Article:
I chose the title, Home at Last, for this post because it’s about the path I took to find my place in this wide world of publishing. Of course, I continue to evolve, but this is the story of my journey to Christian fiction.
As many of you know, I wrote traditional romance before entering the Christian fiction genre. When I wrote my first romance, I was working full-time as a systems engineer for a major telecommunications company. Well, after working as an engineer for more than 10 years, I decided that I would rather be a teacher than an engineer. So I found myself back in graduate school studying Human Resource Education, working full-time in engineering, and trying to write two books a year. Well, it soon became too much and I decided something had to go. Guess what went? If you said full-time engineering job, you’re right. I took one of those buy-out packages that provided paid benefits for three years.
Thoughts of becoming a full-time writer had lingered in the back of my mind, but I never really indulged them. It just seem too far-fetched. Well, the buy-out package from my job gave me the opportunity to test the waters. Back in those days, the generally accepted wisdom was that you could quit your job if you had at least five books in print that were generating royalties, wrote for two publishers and were putting out two-to-four books a year. At the time that I left my job I had one publisher, Kensington (Arabesque Books), and three books, if I remember correctly. Before the three years were up, I had seven books and two publishers, with Harlequin (Silhouette Books) as my second publisher. I was on my way, right?
Well, I was on my way until I hit a very big road block. You see, the key to being a full-time writer is that you actually have to write. Well, I had my two contracts, a planned three-book series for Arabesque and another one for Silhouette, and I was ready to go. Until I couldn’t write the books. Yes, you read it correctly. I couldn’t write the books.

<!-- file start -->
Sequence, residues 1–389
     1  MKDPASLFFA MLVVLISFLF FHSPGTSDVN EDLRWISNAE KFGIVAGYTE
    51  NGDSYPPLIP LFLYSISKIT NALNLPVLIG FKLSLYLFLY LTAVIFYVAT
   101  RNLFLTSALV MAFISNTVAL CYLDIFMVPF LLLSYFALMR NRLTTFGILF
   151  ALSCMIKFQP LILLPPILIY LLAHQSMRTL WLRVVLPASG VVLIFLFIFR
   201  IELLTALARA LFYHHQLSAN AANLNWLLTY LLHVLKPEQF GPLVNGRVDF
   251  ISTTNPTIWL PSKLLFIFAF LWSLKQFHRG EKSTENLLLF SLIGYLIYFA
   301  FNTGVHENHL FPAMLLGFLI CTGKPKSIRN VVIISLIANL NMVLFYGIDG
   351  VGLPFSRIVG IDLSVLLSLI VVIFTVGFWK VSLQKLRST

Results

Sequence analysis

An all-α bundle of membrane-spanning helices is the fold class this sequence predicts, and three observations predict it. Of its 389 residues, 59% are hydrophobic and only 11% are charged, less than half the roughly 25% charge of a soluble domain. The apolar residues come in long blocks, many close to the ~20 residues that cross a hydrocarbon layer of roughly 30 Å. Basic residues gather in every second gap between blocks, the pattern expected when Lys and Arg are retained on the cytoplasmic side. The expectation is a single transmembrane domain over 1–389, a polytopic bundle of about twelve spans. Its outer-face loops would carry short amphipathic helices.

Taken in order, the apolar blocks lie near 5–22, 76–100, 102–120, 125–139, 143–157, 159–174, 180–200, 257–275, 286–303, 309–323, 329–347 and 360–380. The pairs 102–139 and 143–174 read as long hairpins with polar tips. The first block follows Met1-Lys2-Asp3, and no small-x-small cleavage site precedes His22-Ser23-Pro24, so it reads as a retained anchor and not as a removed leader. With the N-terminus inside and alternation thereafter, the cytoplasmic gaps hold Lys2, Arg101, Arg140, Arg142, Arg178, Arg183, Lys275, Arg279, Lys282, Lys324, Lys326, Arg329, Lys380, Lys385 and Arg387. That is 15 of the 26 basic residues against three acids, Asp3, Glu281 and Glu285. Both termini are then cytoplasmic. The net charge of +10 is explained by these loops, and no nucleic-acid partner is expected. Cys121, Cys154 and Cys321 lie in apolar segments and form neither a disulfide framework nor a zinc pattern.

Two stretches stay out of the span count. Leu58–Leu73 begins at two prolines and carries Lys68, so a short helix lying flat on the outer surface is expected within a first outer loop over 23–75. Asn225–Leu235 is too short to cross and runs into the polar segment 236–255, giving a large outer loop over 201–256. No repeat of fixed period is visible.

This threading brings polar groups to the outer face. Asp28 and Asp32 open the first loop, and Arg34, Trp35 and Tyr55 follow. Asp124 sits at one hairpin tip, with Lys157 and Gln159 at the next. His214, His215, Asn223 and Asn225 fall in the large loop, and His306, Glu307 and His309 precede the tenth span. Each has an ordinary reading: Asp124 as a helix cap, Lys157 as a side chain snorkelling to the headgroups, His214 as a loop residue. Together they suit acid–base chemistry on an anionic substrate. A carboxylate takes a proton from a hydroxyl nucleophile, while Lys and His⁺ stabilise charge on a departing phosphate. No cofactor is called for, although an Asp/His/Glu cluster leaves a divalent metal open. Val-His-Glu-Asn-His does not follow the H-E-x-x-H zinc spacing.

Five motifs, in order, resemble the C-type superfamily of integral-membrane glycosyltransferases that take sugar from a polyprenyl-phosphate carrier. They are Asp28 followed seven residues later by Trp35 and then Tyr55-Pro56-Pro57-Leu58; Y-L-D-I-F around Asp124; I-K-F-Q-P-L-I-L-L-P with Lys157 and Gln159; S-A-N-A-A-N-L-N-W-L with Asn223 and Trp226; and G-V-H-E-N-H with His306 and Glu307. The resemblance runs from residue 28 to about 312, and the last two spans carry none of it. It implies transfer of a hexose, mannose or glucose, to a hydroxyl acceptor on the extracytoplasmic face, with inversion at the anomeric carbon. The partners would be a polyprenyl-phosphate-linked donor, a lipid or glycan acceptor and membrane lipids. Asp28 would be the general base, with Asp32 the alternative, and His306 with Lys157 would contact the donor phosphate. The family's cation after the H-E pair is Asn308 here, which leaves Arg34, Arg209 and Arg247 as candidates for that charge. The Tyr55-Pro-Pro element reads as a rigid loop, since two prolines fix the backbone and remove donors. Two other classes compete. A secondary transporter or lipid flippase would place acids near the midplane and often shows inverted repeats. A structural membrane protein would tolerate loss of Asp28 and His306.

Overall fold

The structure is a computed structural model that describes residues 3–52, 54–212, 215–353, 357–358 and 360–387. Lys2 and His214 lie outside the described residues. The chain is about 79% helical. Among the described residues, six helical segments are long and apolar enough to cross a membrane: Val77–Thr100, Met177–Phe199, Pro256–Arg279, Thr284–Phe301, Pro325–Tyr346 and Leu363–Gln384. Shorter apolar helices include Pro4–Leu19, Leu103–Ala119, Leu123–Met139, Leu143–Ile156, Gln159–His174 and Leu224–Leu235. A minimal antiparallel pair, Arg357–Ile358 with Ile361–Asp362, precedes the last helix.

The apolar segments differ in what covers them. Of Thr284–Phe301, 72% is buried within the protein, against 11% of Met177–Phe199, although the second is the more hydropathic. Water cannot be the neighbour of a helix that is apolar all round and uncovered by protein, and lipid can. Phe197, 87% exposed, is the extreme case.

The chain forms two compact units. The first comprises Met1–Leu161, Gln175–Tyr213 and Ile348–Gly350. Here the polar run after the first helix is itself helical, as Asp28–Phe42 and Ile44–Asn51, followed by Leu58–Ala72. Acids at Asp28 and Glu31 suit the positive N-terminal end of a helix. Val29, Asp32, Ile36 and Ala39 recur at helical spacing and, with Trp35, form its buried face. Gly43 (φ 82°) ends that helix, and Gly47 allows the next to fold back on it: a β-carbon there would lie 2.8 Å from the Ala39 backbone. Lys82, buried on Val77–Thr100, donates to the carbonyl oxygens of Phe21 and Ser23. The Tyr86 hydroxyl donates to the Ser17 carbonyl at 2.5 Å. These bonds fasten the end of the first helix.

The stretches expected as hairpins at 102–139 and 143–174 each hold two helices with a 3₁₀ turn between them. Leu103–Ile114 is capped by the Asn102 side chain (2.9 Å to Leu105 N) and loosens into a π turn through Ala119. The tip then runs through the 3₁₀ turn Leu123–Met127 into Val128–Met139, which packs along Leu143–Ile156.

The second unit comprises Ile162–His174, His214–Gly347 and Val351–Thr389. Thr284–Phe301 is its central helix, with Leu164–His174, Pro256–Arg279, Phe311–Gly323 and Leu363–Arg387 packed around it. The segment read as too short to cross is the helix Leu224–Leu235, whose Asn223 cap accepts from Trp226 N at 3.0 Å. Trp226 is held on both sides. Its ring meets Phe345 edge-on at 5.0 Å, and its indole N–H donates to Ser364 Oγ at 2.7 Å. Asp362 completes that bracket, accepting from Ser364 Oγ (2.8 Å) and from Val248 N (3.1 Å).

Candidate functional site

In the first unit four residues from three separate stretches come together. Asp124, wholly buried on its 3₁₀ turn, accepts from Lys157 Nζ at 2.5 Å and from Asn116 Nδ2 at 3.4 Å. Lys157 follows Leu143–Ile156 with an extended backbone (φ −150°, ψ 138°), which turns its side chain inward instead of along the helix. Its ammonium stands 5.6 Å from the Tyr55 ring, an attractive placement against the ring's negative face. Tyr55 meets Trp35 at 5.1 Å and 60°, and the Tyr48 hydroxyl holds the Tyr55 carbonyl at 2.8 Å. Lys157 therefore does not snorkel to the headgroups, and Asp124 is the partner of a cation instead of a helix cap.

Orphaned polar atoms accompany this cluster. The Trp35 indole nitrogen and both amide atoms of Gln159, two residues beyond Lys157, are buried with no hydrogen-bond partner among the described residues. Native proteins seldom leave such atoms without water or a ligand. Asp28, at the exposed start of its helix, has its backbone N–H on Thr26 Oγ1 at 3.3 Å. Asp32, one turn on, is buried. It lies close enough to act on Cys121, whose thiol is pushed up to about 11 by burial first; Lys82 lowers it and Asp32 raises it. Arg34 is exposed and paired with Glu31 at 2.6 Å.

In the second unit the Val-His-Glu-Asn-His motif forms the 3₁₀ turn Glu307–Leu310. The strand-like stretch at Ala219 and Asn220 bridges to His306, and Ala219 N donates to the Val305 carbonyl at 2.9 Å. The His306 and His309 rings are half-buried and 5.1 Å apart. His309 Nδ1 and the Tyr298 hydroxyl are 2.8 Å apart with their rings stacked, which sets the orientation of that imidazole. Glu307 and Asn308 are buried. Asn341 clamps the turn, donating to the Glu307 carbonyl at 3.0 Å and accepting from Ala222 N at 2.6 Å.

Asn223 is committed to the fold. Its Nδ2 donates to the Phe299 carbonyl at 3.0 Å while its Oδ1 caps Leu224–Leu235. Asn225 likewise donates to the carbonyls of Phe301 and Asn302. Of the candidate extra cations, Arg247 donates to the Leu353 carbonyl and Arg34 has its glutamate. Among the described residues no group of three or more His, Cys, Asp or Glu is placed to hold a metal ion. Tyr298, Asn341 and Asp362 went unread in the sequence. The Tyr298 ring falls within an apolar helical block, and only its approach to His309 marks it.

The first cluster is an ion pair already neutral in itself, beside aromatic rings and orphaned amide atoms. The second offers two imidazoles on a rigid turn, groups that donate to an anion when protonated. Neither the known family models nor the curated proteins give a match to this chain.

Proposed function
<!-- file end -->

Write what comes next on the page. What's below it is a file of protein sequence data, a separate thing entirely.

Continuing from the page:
I had never dealt with writer’s block before so I figured that was what was going on. To fix it, I took a break from the writing for a while to clear my head. Well, after my head was clear, I still couldn’t write. Pretty soon panic set in.
In my panic, I called an old high school girlfriend and told her my troubles. My advice: Never call a high school friend for advice unless you want the truth. Well, I called her and her response was simple. She said, “I don’t know why you’re writing that anyway. I thought you were going to write Christian stories.” Well, I hate to say this but I was torn between the desire to slam the phone down in her ear and the desire to reach through the phone and choke her. Of course, I did neither.
Instead, I prayerfully considered the words she’d spoken. You see, I had envisioned my first book being a cross between Terry McMillan’s Waiting to Exhale and Francine Rivers’ Redeeming Love. Redeeming Love was a re-telling of biblical story of Hosea and Gomer, the prostitute, set in the American West. Bands of Gold, my first book, turned out to be more Waiting to Exhale than Redeeming Love.
Well, my prayers led to tears and pleas for a chance to write the book I had initially planned to write. Awakening Mercy, my first Christian romance, became that book. Believe it or not, it took a while for Awakening Mercy to find a publisher. It was turned down by several Christian publishers before Tyndale bought it. The heroine, CeCe Williams, had a bunch of unpaid parking tickets, which was a big problem for one publisher, who basically said that real Christians paid their parking tickets. Oh, well.
Interestingly, my contract with Tyndale came three months after the three-year time period I’d given myself to make it as a full-time writer ended. By that time, I was back in graduate school, this time to get a doctorate. I often wonder what I would have done had the contract come before I enrolled in the doctoral program. Would I have become a full-time writer and not become a university professor? Would I have several more published novels instead of doctorate? I have no idea.
Even though I wonder if I would have made different decisions under different circumstances, I’m happy with my Christian fiction journey. The path may not have been straight, but God has been gracious and I have blossomed and grown. I believe my life and my writing are the better for it.
Home at Last! How about you? Are you in that place that you know God wants you to be?
Until next month,